The direct and indirect costs of each PCC were then added to get the full cost of each PCC. To calculate the unit cost of medical services, we used the average cost method. For example, to find the unit cost per outpatient visit, the full cost of the outpatient department was divided by the total number of outpatient visits at the hospital during the whole year.
The output of the five hospitals during the study period is presented in Table 2. From the number of visits in the outpatient department, we estimated the average case load per day for the study hospitals. The tertiary care hospital had the highest case load (average 1,045 visits per day), and the charitable hospital, the lowest (average 84 visits per day). One of the efficiency indicators of hospitals is the bed occupancy rate: hospitals with 80 percent occupancy rate are assumed to be efficient. We found that except for the private teaching hospitals, none of the study hospitals achieved an 80 percent occupancy rate during our study period, and the rate was only 42 percent in the charitable hospital. The number of surgeries performed in the study hospitals is reported for general operating theatres only. Apart from general operating theatres, the study hospitals have special operating theatres as well; for example, the tertiary care hospital has orthopaedics, ophthalmology, and cardiothoracic operating theatres, the private hospital has a cardiothoracic operating theatre, and the private teaching hospital has a gynaecology operating theatre; however, the outputs of these operating theatres are omitted from Table 2.
Table 2. Output of study hospitals, April 2010–March 2011.doi:10.1371/journal.pone.0069728.t002
Table 3 presents the staffing of the study hospitals for the financial year 2010–11. Apart from salaried staff, some hospitals also hired contract staff during the study period. For example, the district hospital had 24 doctors (including 3 in contract service), 98 nurses (including 22 in contract service), 36 paramedical staff (including 3 in contract service), and 90 nonclinical support staff (including 22 in contract service). The private hospital also hired nursing and ground-level support staff on a contract basis during this period. According to the 1993 World Development Report, for quality care, the nurse-to-doctor ratio should be at least 2:1; a ratio of 4:1 or better is considered satisfactory . However, except for the district hospital, none of the study hospitals maintained the minimum ratio of 2:1.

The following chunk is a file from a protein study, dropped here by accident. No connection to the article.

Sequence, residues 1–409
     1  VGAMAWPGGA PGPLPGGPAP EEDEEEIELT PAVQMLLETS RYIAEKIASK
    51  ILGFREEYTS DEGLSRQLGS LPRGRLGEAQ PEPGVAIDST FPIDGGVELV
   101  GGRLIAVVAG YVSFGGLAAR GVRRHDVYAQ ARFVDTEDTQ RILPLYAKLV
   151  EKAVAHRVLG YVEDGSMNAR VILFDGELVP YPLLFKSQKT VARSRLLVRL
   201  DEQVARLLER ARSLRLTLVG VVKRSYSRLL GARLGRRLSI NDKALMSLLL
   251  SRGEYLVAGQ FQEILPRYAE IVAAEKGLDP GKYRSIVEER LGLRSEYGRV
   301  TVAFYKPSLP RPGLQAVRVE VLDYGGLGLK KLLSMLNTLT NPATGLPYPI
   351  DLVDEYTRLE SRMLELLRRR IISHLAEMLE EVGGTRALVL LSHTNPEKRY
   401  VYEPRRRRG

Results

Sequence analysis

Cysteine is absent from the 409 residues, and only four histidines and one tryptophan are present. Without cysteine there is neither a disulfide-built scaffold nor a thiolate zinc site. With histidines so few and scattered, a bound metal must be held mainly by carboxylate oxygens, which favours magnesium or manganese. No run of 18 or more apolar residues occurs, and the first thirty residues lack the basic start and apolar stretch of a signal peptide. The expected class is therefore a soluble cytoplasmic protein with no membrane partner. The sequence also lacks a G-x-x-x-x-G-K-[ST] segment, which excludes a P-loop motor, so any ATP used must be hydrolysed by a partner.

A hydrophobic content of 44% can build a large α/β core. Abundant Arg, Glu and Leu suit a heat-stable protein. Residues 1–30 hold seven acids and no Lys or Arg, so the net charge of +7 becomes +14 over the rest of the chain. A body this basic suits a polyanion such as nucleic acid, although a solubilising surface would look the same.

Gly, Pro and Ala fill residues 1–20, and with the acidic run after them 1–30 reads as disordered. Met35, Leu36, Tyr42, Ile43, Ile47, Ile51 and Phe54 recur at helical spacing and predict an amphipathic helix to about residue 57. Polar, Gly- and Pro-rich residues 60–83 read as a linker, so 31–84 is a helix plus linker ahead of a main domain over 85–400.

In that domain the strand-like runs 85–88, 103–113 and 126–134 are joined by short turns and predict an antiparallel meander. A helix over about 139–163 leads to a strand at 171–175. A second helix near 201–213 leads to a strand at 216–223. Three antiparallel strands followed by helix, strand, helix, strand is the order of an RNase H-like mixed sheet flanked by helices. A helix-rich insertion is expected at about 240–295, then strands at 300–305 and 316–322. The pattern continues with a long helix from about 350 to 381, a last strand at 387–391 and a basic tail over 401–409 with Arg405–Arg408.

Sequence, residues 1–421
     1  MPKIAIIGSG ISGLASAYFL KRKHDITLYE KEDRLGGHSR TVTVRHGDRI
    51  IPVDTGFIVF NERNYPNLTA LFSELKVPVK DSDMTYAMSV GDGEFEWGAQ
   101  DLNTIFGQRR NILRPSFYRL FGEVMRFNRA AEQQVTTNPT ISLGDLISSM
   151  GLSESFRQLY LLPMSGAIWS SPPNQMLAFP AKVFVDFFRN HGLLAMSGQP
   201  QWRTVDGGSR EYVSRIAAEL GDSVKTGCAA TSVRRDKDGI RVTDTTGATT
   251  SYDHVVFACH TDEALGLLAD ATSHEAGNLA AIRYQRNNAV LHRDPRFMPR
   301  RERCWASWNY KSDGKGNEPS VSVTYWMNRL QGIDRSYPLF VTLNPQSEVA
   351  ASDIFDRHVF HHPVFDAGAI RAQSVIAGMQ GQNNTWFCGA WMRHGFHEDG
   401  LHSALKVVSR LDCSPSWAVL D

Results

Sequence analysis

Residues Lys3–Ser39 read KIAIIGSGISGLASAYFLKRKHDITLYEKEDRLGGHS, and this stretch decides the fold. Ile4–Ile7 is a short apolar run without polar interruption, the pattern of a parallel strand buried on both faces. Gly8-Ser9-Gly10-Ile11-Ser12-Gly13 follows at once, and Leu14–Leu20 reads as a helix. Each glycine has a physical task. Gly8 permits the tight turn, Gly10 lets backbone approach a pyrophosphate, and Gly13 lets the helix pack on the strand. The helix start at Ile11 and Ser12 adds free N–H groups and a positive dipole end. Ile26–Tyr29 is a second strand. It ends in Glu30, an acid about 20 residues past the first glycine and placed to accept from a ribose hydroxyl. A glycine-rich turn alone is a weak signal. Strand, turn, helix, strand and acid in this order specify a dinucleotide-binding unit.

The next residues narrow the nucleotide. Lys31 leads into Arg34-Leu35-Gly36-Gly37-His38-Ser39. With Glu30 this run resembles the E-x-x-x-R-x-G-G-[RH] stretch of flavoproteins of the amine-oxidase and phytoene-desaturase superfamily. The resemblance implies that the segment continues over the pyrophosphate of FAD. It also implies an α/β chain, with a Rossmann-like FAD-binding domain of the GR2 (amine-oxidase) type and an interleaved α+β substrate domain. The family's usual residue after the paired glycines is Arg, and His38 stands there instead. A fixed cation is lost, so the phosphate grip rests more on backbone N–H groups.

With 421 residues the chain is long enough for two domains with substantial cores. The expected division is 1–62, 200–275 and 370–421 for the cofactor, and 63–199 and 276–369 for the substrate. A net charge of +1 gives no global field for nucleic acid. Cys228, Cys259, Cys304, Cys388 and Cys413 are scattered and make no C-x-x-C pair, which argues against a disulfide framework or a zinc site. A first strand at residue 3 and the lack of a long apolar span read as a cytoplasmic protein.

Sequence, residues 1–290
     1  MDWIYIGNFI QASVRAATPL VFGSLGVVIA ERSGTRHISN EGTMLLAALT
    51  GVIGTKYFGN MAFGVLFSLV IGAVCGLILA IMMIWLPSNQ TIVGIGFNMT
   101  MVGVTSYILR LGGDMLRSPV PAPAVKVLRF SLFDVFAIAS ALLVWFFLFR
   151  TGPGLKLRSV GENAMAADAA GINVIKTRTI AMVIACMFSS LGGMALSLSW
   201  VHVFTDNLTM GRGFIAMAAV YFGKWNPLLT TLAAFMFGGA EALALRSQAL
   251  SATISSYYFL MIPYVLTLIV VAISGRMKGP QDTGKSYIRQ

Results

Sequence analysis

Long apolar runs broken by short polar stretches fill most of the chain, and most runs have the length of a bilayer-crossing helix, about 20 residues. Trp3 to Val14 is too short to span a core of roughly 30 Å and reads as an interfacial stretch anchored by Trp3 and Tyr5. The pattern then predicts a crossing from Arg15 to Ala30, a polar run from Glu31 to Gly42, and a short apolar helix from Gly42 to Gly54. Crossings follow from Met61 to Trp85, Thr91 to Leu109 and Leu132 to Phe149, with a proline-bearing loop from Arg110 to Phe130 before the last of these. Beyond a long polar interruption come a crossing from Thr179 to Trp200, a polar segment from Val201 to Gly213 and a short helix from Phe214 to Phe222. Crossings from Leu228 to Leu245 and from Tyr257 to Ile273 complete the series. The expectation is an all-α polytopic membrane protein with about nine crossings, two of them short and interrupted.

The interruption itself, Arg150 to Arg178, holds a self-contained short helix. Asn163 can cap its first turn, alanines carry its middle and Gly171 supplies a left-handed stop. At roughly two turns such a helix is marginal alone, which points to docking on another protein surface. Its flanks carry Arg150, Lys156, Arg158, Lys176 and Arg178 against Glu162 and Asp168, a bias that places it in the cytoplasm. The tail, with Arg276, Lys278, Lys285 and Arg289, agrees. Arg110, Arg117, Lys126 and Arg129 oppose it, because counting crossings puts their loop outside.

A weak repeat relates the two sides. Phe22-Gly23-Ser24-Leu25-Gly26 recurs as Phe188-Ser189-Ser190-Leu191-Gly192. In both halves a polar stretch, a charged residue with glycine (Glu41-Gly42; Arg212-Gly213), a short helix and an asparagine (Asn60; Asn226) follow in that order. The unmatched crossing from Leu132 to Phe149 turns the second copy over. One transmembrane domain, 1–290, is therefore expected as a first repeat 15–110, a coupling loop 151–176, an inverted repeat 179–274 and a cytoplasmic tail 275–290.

Table 3. Staffing in study hospitals, April 2010–March 2011.doi:10.1371/journal.pone.0069728.t003
We calculated the percentages of human resources, capital, and materials costs in the total operating cost of each hospital. The results are presented in Figure 1. The major cost component for the district and tertiary care hospitals was human resources, for the charitable and private hospitals it was the capital cost, but for the private teaching hospital it was materials cost. If we break down capital cost into equipment, instruments, furniture, building, and land, we obtain very different percentages for the five hospitals (Table 4): land cost was the largest component for the charitable hospital, equipment and building costs shared almost same percentages in the district hospital, equipment cost was the biggest item for both teaching hospitals, and building cost was the highest component for the private hospital. Because land cost is beyond control of the hospital administrators, we did a recalculation excluding land cost. The results are presented in Figure 2. We found that as before, human resources cost was the main component of total operating cost for the government hospitals, but the materials cost became the main component for all other hospitals when land cost was excluded.
Figure 1. Contribution of different cost components in total costs of study hospitals, April 2010–March 2011.
The major cost component for the district and tertiary care hospitals is human resources; for the charitable and private hospitals, it is the capital cost; for the private teaching hospital, it is materials cost.doi:10.1371/journal.pone.0069728.g001
Figure 2. Costs of study hospitals without land cost, April 2010–March 2011.
When land cost (which is beyond control of the hospital administrators) is excluded, human resources cost is the main component of total operating cost for the government hospitals, and materials cost becomes the main component for all other hospitals.doi:10.1371/journal.pone.0069728.g002
Table 4. Capital costs of study hospitals, April 2010–March 2011.doi:10.1371/journal.pone.0069728.t004